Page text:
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New website reveals social networks' security flaws

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February 22, 2011

Internet security research firms have set up a new website designed to push social networking sites into practicing what they preach about Internet security. Most social networking sites such as Facebook, Twitter, LinkedIn, dating site eHarmony and a few more tell their members that their sites are secure when they aren't at all. aims to publish specific details of security vulnerabilities on Web 2.0 sites such as Xing or Facebook. The site was set up last weekend by security researchers frustrated with a lack of response from sites about the many security issues they discovered.

The site manifesto explains:

In the past, the authors of this website have found many Internet security related issues on well known social networking plattforms and have tried to contact the responsible owners to provide detailed information on the found security issues.

During this, we became really frustrated because often there is no security-email available on the social networking site which means that we had to try to contact the website providers via their "normal" helpdesk or ticketing system. This had the consequense that in most case we got no answer or it took weeks until we got any answers.

Many of the security vulnerabilities discovered fall into the category of cross-site scripting issues, some of which (in the case of bugs on Xing and, for example) have already been fixed.

Separately, an insecure script on Facebook creates a mechanism to make more convincing phishing attacks. That security flaw still remains live, warns.

The German-based team behind the site, who wish to remain anonymous, want to push vendors into becoming more responsible about security holes. As a first step they want Web 2.0 to establish a security-related contact form, and to allow submission of confidential security-related problems via encrypted email.

The security team also wants to warn users about possible issues on the sites they frequent. encourages users to submit information on Internet security issues they have encountered.

For example, the new security flaw that was discovered on Facebook in January is a new worm that spreads using a photo album chat message began proliferating across Facebook over the weekend. There's been many security flaws found in Facebook lately and this one adds to the feeling of insecurity that many Facebook users have been experiencing lately.

The photo lure is used to dupe potential users into downloading a malicious file, which appears in the guise of a photo viewing application. Victims are prompted to click a "View Photo" button.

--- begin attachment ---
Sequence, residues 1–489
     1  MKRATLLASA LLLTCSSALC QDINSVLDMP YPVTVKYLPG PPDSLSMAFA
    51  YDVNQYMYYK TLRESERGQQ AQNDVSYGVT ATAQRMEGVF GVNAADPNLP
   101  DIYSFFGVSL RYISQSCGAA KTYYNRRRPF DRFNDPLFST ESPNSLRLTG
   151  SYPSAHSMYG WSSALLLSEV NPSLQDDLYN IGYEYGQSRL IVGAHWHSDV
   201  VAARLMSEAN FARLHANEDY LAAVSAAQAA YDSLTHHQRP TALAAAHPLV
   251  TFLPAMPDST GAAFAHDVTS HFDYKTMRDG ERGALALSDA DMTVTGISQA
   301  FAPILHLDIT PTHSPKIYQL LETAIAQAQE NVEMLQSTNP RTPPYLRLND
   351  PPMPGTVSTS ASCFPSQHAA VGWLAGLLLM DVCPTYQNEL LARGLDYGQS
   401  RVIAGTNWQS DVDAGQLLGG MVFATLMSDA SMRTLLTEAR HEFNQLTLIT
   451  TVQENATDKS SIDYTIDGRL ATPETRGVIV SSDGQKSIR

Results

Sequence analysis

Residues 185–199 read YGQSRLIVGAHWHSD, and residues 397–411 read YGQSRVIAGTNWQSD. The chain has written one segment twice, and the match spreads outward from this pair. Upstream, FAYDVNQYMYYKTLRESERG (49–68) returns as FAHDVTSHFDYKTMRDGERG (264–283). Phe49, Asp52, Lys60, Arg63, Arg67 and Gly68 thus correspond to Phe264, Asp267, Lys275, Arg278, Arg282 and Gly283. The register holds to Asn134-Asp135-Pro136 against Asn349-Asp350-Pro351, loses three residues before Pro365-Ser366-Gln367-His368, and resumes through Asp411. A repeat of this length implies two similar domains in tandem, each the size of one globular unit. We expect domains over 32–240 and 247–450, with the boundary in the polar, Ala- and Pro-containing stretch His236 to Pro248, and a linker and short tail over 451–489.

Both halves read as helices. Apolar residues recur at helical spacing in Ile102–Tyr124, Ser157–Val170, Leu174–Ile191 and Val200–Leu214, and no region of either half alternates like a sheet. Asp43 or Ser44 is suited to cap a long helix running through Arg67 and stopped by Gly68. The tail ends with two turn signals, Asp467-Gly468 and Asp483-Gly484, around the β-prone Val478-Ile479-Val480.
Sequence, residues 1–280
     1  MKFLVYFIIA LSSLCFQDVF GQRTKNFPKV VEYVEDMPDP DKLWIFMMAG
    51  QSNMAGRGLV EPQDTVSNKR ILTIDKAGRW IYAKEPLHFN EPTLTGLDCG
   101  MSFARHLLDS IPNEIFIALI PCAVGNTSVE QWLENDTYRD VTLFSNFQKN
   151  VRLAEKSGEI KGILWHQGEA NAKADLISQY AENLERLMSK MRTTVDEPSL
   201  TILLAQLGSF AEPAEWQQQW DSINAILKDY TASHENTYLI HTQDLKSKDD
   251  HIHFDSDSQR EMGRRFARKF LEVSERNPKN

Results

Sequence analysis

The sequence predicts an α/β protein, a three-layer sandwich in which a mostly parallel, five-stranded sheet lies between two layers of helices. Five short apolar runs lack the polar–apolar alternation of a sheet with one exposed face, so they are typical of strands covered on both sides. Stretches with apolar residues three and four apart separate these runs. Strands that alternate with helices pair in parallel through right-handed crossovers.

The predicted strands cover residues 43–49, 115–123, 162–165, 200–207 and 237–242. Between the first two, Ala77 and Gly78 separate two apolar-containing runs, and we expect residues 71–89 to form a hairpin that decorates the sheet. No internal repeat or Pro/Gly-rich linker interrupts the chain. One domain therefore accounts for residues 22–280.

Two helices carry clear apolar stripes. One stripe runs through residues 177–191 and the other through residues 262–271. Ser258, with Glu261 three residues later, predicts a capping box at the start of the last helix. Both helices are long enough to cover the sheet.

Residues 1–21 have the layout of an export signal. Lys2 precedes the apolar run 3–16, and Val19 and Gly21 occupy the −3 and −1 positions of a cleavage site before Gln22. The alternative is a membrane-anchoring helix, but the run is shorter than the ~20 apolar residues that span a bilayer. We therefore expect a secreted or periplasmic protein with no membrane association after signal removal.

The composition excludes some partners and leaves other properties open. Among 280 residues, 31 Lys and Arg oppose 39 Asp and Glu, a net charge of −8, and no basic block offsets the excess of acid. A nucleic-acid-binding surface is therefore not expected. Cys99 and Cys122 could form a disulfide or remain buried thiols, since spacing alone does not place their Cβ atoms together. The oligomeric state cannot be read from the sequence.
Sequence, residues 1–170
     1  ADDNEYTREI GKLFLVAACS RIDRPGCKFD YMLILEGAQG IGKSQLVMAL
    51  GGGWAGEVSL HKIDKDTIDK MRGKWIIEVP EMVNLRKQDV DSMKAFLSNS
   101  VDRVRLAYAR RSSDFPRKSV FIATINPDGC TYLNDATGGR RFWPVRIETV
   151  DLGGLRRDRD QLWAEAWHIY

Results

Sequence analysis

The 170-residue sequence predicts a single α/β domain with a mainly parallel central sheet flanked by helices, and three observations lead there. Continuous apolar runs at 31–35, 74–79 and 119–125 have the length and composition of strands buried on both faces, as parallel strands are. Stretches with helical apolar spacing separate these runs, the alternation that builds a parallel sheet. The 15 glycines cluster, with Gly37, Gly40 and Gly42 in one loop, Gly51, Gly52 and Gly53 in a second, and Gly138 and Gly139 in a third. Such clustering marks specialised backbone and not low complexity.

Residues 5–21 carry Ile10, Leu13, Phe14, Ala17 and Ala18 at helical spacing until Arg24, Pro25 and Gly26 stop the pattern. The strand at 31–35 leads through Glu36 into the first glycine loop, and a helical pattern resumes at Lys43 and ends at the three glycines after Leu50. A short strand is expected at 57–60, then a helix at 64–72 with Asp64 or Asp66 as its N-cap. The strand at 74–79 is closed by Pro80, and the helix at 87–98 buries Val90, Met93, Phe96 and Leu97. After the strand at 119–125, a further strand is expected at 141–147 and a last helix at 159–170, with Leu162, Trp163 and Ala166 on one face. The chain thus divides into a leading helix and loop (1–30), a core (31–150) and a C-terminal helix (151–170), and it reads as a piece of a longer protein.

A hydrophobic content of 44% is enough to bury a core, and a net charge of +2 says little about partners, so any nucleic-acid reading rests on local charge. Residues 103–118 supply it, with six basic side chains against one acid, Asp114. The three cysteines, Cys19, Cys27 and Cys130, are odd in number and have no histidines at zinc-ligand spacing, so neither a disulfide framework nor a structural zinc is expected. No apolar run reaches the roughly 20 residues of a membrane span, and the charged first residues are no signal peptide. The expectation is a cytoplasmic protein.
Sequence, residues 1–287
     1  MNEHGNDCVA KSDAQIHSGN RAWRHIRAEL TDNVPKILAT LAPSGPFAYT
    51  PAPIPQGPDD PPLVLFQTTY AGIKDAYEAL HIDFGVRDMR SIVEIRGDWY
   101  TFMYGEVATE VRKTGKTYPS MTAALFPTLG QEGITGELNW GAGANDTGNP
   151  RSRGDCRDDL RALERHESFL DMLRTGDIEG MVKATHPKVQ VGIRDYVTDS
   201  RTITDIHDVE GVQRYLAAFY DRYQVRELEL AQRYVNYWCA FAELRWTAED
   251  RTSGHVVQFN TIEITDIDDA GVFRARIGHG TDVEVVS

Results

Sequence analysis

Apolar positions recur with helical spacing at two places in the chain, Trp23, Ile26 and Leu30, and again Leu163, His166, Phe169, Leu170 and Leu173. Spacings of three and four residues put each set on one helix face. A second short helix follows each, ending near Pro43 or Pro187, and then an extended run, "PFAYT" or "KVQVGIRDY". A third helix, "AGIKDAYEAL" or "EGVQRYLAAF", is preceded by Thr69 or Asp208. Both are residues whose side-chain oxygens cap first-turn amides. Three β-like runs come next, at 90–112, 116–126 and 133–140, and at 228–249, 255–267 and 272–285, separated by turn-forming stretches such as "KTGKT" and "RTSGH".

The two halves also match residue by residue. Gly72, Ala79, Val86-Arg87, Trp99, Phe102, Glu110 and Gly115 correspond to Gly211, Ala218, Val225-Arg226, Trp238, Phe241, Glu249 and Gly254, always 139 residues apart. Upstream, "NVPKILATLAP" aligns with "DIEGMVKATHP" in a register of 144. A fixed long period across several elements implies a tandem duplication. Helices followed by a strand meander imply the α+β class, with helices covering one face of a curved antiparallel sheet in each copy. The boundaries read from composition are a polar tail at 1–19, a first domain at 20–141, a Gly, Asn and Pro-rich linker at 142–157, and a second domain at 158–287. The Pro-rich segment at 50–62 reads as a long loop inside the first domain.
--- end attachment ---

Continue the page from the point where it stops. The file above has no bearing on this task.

Unsuspecting users who fell for the scam became infected by malware and viruses, dubbed Palevo-BB by Internet security firm Sophos. The malware attempts to generate a message to the victim's Facebook contacts, continuing the infection cycle and replicating itself to thousands of other infected machines.

Facebook responded by removing the malicious application from its system it said.

Similar social engineering trickery is more commonly used to dupe users into completing worthless surveys, possibly handing over personal details in the process or signing up to expensive text message services.

All kinds of useless survey scams have become almost a daily issue on Facebook for the past several months and the problem is rapidly getting worse.

For example, one survey scam lure making the rounds over the weekend falsely offered a news update of the death of famous rapper Tupac Shakur.

The use of social engineering trickery to spread malware instead of simply tricking users into filling out worthless surveys suggests that cybercrooks might be upping the ante. The latest Palevo-BB worm is not the first malware strain to use Facebook as an infection avenue. Other social networking sites have been hit as well.

The most horrendous social engineering network worm to date has been the infamous Koobface worm, a strain of malware and viruses used to deliver potential victims to scareware scam portals or carry out click fraud. Palevo-BB uses similar lures but is not as sophisticated in design as the earlier Koobface worm.

All social networking users are urged to use extreme caution in the light of these latest events, and the use of anti-virus and anti-malware software on all PCs and laptops is strongly recommended by all Internet security professionals, as well as the use of hardware firewalls.

In fact, a news release issued in December reveals that Facebook's latest site redesign will create even more security holes and expose more user information than the old site did.

Internet security firm Sophos cautions that, launched in beta earlier this week and due to be rolled out gradually over the coming weeks, the revamped website is designed in such a way as to encourage users to expose even more information about their daily lives to the dominant social networking site.

Security-wise, the site revamp is seen by most in the Internet community as a big step backwards. For example, the About Profile page encourages users to share experiences, discover common interests, and to highlight meaningful relationships.

That page will have the same effect of highlighting the closest relationships and keenest interest a user might have. Previously, this information would have probably been on a list, but not highlighted as especially important. Now it is, and it's a major concern, among others.

Sophos urges all Facebook users to reconsider just how much data about themselves they really wish to share using the new site, warning that it may not just be their closest friends and contacts who get access to the sensitive information but just about anybody.

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